Rajna Swaminathan is an acclaimed mrudangam (South Indian percussion) artist and composer. She is a protégé of mrudangam maestro Umayalpuram K. Sivaraman, and tours regularly with several renowned Indian classical musicians, most notably her mentor, vocalist T.M. Krishna. Rajna is one of only a handful of women who play the mrudangam professionally. She has performed in several prestigious venues and festivals, including the Smithsonian (D.C.), Kennedy Center (D.C.), Asia Society (NYC), Lincoln Center (NYC), Walker Art Center (MN), Music Academy (Chennai), Shanmukhananda Hall (Mumbai) and The Esplanade (Singapore). Rajna also regularly gives workshops on the South Indian rhythmic perspective, most notably at the Banff International Jazz and Creative Music Workshop and the Percussive Arts Society International Convention. Rajna holds degrees in Anthropology and French from the University of Maryland, College Park. She is currently pursuing a PhD in Music (Creative Practice & Critical Inquiry) at Harvard University.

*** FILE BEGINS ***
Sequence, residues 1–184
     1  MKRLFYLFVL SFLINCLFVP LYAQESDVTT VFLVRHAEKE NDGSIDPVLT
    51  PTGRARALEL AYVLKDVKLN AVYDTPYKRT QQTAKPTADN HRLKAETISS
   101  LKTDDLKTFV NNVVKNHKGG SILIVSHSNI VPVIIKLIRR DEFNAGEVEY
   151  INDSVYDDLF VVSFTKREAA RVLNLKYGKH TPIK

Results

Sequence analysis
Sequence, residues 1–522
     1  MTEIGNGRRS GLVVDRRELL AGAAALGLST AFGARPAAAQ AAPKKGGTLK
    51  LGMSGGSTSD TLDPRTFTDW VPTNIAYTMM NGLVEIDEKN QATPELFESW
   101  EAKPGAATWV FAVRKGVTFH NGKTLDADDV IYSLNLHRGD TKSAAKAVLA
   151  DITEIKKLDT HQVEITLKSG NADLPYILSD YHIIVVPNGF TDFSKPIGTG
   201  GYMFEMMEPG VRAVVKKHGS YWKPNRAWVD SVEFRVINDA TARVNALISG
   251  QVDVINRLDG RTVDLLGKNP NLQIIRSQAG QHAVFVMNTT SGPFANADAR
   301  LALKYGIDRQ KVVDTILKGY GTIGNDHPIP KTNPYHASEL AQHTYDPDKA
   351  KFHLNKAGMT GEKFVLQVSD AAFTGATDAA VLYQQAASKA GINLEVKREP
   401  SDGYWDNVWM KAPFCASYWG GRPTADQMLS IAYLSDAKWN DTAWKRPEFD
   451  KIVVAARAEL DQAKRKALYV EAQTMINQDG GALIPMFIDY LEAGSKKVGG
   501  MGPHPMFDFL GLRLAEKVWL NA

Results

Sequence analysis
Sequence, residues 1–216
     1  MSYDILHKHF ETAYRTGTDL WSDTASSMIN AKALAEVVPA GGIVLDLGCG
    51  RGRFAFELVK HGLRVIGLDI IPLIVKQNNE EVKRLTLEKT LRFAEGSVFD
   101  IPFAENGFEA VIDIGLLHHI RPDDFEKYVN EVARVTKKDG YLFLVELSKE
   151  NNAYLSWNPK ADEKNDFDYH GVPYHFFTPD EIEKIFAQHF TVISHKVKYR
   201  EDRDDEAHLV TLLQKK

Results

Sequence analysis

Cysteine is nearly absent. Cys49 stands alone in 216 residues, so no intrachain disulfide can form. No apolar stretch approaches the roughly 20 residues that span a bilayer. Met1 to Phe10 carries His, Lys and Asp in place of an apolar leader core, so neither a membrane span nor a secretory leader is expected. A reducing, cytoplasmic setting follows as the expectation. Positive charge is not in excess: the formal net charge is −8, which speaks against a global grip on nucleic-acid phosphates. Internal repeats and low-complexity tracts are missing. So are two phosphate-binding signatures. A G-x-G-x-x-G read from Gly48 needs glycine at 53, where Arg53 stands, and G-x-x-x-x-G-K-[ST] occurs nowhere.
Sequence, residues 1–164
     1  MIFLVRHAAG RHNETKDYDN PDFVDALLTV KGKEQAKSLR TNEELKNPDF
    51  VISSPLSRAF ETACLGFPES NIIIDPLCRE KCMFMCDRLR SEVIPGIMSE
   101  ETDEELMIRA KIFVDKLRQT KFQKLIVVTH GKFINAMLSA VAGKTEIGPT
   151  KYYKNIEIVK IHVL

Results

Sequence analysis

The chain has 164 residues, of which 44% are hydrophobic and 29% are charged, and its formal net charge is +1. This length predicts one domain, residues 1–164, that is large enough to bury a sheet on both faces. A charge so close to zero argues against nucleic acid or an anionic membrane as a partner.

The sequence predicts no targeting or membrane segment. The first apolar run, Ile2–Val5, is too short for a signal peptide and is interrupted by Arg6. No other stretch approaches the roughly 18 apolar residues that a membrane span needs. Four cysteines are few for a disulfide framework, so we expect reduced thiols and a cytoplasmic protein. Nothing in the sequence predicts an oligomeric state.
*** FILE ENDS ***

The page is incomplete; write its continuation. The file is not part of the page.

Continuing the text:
Since 2011, she has been studying and collaborating with eminent musicians in New York's jazz and creative music scene, performing extensively in various projects led by Vijay Iyer, Amir ElSaffar, María Grand, and Ganavya Doraiswamy. Culling from her experience incorporating the experimental methods of creative music into her artistic practice, Rajna formed the ensemble RAJAS, which collectively explores new textural and improvisational horizons at the nexus of multiple musical perspectives. The ensemble has performed at prominent venues such as the Lincoln Center Atrium, The Jazz Gallery, The Met Breuer, and Alwan for the Arts. Rajna's debut album as leader of RAJAS, Of Agency and Abstraction, will be released in the spring of 2019. The album features Rajna (mrudangam, voice), along with Miles Okazaki (guitar), Anjna Swaminathan (violin), Stephan Crump (bass), María Grand (tenor saxophone), and guest artists Ganavya Doraiswamy (vocal) and Amir ElSaffar (trumpet). Rajna's most recent project, Mangal, emerges from her dissertation research, and is a foray into creating a novel and dynamic notational discourse that attends to diverse aesthetic and ethical priorities in improvised music.